An emptiness that filled my soul. It felt like there were probably fewer people living in northern Maine now than when Thoreau traveled through there some 160 years ago. The area seems devoid of people. When talking with a native Mainer afterward, I described the region as a “big empty.” He immediately understood this as the great compliment I meant it as. So often we hear people say they want to “get away from it all,” when in fact they mean they want to go to a place that is not their home or office. Usually this means to some other building—be it a vacation house or hotel or resort. Whereas in the middle of nowhere, in the Big Empty, I truly was away from it all. Being “inside” meant being in a tent and the “bathroom” had some of the best views imaginable. We spent three nights on islands that only three weeks before had been under water. Initially intending to post to social media during the trip, I quickly realized this was impossible and put my cell phone away, shoving it to the bottom of my bag. I hoped we wouldn’t have connectivity until the last day. It was a little depressing that we had it before then.
Being on the river led me to not only embrace but to understand Thoreau’s exhortation in Walden: “Simplicity, simplicity, simplicity! I say, let your affairs be as two or three, and not a hundred or a thousand; instead of a million count half a dozen, and keep your accounts on your thumb nail.” Time on the water brought about that simplicity; my “affairs” were reduced to three—eat, drink, paddle. Eat everything offered to me whether I like it or not, drink as much water and coffee as possible to stay hydrated, and paddle hard and straight to get where we needed to go. Granted, we were well provisioned, so unlike Thoreau I didn’t worry about getting by on hard bread or the modern equivalent, dehydrated foods, or having to forage. (However, one night we supplemented dinner with ground nuts harvested from around the campsite. Quite the tasty luxury!)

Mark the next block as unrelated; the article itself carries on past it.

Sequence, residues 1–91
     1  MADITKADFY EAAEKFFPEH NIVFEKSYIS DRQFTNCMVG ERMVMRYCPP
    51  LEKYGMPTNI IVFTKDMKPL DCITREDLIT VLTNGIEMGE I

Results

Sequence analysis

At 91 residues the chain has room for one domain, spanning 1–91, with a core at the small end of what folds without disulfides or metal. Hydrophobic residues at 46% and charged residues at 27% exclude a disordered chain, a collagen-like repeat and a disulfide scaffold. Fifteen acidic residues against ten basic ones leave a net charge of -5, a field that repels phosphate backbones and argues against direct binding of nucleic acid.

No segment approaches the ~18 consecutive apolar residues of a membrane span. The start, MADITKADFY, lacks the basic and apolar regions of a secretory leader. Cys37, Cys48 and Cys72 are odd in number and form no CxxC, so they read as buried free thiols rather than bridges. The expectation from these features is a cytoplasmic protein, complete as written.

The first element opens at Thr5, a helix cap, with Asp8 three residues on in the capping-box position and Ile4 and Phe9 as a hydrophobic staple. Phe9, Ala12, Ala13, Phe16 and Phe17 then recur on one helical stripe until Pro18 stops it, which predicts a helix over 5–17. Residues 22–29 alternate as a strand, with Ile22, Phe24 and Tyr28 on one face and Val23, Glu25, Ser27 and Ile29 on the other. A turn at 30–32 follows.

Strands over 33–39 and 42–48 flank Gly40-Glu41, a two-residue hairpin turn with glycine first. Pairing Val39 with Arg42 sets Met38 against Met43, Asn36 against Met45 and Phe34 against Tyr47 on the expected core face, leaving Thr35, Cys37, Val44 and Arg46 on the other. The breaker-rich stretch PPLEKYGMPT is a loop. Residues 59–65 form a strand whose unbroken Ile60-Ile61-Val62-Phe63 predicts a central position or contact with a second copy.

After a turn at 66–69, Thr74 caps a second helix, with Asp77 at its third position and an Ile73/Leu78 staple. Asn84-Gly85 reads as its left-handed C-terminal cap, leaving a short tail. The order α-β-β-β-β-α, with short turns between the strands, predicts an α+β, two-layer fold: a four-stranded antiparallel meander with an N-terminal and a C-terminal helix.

But, simplicity! Why worry about inclement weather or being in wet clothes? These are things I couldn’t control, so why fret or grouse about them? As HDT said of traveling in Maine, “You soon come to disregard rain on such excursions.” One of the most relaxing afternoons was spent sitting under the forest canopy during a thunderstorm that drove us off the river. (Sit and listen to a thunderstorm and tell me it’s not relaxing.) We often quoted Thoreau from A Week on the Concord and Merrimack Rivers: “Cold and damp? Are they not as rich experience as warmth and dryness?” The simpler things became, the happier I became. Emptying my mind of worry filled my soul.
The Hudson River landscape painters were right. I came away from the trip understanding that some Hudson River School painters captured reality in their works. Sanford Gifford, Frederick Church, Albert Bierstadt, and others make great use of light to draw the viewer’s focus to a particular point in a painting. But until now I’d thought what they depicted on canvas could never have occurred in nature, that they were exaggerating the contrasts between light and darks places. I was disabused of this on my first morning in camp.
And I experienced humbleness. It’s good to be reminded that you can learn a whole lot by opening your eyes, ears, and mind. Like a good way to predict the weather is to actually look at the sky! Whoa. I know, right? Who thinks of that nowadays, what with instant weather apps on their phone? But sure enough, after we spotted a cloud formation called a “mare’s tail,” we had rain within 24 hours, just as the old local saying said we would. Or that the smallest of obstacles—like a single rock in the river lurking just below the surface—can upend a boat. Or that experts are considered experts for a reason. I experienced this time and again with our lead guide, who ensured that 52 people made it through the trip without injury, as well as with the two professors who served as Thoreau experts and with the members of the Penobscot Indian Nation who shared their intimate knowledge of the area and their history with us. I remain in awe of all of them, and stand humbled before them, as I do the landscape they love and shared with the rest of us.